Regarding the RTC module, Please do include the lines for it, since it will be better to have it for time accuracy! Either way the RTC is already on its way to my home's post office :-)

Declare values: WTT \Watering time a1 input a2 input a4 input a8 input a16 input a32 input

WFR \Watering frequency b1 input b2 input b3 input b4 input b5 input b6 input

Read analogue inputs from switch 1 if a1=high then addit to value WT if a2=high then addit to value WT if a4=high then addit to value WT if a8=high then addit to value WT if a16=high then addit to value WT if a32 =high then addit to value WT

WTT = final "watering time" value \added values of switches in high state

Read analogue inputs from switch 2

if b8=high then addit to value WTF \3 times per Day if b12=high then addit to value WTF \2 times per Day if b24=high then addit to value WTF \1 time per Day if b48=high then addit to value WTF \1 time per 2 Days if b96=high then addit to value WTF \1 time per 3 Days if b120=high then addit to value WTF \1 time per 5 Days

WTF = final watering time \added values of switches in high state

I have done some pre work of the logic I would like to follow, for anyone that would like to help out. I just haven’t included the RTC module because I am not sure how this would be included so as the delays to be precise in timings.

Start PinX output \ Output pin for solenoid
Declare values
WTT \Watering time
WFR \Watering frequency
a1 input \1-min
a2 input \2-min
a4 input \4-min
a8 input \8-min
a16 input \16-min
a32 input \32-min
b8 input \8-hrs
b12 input \12-hrs
b24 input \1-day
b48 input \2-days
b72 input \3-days
b120 input \5-days

a1 = 1
a2 = 2
a4 = 4
a8 = 8
a16 = 16
a32 = 32
b8=8 \8hrs
b12=12 \12hrs
b24=24 \1-day, 24hrs
b48=48 \2-days
b72=72 \3-days
b120=120 \5-days

Read analogue/digital inputs from switch 1
if a1=high then add its value to value WTT
if a2=high then add its value to value WTT
if a4=high then add its value to value WTT
if a8=high then add its value to value WTT
if a16=high then add its value to value WTT
if a32 =high then add its value to value WTT
WTT = final “watering time” value \added values of switches in high state at DIP switch1

Read analogue inputs from switch 2
if b8=high then put it in value WTF
Else if b12=high then put this one to value WTF
Else if b24=high then put this one to value WTF
Else if b48=high then put this one to value WTF
Else if b72=high then put this one to value WTF
Else if b120=high then put this one to value WTF
\this way when two switches are turnen on the smallest value will be set to the value,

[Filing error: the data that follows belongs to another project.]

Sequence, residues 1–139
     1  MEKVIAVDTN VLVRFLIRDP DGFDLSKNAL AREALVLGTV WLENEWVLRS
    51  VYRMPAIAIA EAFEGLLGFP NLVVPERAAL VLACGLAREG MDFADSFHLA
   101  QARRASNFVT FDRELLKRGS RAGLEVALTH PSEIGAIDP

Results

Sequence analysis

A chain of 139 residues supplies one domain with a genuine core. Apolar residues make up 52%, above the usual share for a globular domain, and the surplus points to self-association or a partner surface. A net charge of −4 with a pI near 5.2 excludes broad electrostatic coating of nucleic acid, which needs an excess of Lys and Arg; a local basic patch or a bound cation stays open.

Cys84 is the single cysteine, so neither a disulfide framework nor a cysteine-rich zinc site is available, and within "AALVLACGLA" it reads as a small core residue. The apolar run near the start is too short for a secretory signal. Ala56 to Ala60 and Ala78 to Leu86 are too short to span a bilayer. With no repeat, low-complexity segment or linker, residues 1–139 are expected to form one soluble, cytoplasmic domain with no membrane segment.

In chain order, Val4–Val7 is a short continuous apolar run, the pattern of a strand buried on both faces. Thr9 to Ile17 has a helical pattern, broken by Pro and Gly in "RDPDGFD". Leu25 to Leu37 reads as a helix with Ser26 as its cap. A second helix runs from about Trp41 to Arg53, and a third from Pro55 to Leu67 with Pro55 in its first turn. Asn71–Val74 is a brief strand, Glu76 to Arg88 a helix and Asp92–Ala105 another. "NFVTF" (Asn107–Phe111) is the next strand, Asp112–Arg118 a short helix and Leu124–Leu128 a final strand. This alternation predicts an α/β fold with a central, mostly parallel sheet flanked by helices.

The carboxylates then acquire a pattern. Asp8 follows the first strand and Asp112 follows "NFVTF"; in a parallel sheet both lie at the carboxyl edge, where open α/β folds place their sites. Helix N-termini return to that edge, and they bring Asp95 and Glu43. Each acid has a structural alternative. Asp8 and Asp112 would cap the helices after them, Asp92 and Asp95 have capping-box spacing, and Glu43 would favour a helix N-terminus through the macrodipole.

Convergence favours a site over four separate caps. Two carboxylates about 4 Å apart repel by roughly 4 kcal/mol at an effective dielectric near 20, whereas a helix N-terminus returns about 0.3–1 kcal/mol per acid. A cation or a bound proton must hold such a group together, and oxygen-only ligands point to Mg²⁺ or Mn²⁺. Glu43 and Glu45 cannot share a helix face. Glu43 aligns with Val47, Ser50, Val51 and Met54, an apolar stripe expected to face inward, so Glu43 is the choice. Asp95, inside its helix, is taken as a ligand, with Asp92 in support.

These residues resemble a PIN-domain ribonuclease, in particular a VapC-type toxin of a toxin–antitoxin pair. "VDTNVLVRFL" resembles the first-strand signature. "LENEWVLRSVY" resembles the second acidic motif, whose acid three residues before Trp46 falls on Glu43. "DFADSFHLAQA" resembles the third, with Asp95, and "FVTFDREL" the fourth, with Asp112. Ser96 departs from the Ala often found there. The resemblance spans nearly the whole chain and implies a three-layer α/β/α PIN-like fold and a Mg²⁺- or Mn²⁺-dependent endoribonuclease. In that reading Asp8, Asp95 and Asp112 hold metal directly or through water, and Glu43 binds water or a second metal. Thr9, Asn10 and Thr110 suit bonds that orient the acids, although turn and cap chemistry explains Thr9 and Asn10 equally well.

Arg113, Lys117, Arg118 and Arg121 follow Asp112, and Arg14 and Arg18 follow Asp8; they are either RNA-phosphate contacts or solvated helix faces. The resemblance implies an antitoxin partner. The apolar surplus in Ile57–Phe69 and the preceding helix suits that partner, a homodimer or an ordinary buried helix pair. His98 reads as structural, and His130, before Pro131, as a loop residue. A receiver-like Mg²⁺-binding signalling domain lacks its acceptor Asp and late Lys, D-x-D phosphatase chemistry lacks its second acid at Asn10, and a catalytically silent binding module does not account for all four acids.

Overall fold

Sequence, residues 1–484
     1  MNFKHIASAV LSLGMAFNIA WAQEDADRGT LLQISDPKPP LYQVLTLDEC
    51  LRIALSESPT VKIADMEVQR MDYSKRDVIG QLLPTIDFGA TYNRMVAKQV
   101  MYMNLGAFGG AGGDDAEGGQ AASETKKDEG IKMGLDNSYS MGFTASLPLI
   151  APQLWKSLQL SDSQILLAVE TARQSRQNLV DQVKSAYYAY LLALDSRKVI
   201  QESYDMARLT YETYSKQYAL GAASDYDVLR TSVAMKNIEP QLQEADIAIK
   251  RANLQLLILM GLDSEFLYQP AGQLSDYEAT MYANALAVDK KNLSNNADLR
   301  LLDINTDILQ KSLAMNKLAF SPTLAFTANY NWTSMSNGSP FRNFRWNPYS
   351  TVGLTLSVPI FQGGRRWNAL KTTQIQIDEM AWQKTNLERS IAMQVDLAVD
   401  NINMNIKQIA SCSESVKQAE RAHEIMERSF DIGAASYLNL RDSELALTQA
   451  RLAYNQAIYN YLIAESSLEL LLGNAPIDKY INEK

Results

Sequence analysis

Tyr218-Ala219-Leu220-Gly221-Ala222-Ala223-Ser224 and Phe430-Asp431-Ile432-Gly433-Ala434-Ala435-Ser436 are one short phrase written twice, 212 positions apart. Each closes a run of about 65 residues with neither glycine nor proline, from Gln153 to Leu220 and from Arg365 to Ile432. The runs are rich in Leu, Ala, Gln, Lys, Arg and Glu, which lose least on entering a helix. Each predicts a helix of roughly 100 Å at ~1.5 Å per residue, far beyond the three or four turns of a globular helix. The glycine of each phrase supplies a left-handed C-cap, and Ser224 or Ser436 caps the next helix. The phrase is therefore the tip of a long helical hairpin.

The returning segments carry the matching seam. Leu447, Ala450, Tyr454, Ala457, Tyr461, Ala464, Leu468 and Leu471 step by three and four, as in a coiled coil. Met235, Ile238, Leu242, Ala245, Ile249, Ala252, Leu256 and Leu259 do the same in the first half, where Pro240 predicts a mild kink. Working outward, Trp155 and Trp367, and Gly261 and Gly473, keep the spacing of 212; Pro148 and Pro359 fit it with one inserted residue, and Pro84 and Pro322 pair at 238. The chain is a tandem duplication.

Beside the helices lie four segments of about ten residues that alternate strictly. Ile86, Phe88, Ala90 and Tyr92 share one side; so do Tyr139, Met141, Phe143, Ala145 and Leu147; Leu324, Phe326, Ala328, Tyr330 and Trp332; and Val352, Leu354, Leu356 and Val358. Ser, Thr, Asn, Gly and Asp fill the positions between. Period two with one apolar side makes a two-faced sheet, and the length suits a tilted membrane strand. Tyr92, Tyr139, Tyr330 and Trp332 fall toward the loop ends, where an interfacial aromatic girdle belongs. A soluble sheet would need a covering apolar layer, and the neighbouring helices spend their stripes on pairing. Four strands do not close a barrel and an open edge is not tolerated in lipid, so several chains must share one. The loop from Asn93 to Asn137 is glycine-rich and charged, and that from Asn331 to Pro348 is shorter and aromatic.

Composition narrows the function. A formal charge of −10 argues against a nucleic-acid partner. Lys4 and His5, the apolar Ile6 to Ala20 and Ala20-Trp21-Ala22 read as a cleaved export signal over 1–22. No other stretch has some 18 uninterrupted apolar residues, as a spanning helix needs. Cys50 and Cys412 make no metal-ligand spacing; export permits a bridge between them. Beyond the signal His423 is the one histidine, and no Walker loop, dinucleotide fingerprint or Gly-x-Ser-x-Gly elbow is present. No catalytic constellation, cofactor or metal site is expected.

\ is that correct??
WTF = final “watering time” value \smallest value from switches in high state at DIP switch 2

Delay 4 secs \ in order to have time to deside the the switches positions

If WTT and WTF don’t alter value then do the following loop
\ I would like to reset the cycle once any switch is altered, according to new setting
PinX = low \ otherwise don’t do anything
else recalculate all values

Loop
If WTT<>0 and WTF<>0 then \check if switches in DIP switch 1 & 2 are turned on
PinX = high \ Open relay for solenoid only if a switch is turned on
Delay time WTT \ Watering time according to first switch
PinX Low \ Close relay for solenoid
Delay WTF \ wait for as long as set by switch2

If WTT and WTF remains the same then repeat loop
Else recalculate them before restaring the loop ???
\ This way when one switch is changed the schedule should be restarted and reset, I would like this to be continuously monitored.

Hi, I’m back on the Internet again after two days of Internet failure.

Here is some code you can use to play with.
No RTC supported, works similar like the “Aquauno Select 8432” you showed.

Pin connections of your DIP switches: Connect to GND and to the input pins specified in the arrays:
byte durationPins={2,3,4,5,6,7}; // switches for duration 0-63
byte intervalPins={A0,A1,A2,A3,A4,A5}; // switches for interval 1-64

You can use pin numbers as you like, but avoid pin-0 and pin-1, which are the pins for Serial.

For debugging reasons I wrote some code for output on Serial, which shows the relay state, the cycle time and the duration while the relay is switched ON, as well as the time left for watering and for the current cycle.

For short time debuggin I have set these initialization values:

  durationON*=MILLISECONDS_PER_SECOND;
  intervalCycle=(intervalCycle+1)*MILLISECONDS_PER_MINUTE;

So the duration switch will set the watering duration in seconds (0,1,2,4,8 etc.).
And the cycle will be set in minutes (1, 2, 4, 8 etc.)

For real usage you would change that to minutes and hours using:

//  durationON*=MILLISECONDS_PER_MINUTE;
//  intervalCycle=(intervalCycle+1)*MILLISECONDS_PER_HOUR;

Comment the two other lines and remove the comments from these two lines to activate time setting in minutes/hours instead of seconds/minutes

Actual switching is currently done on pin-13, which switches the board LED on and off.

After starting or resetting the Arduino, the first cycle will be shorter by the on-duration. So the Arduino always starts with “non watering”.

If you better like the Arduino starting with a watering after each start or reset, remove or comment out this line from the setup() function: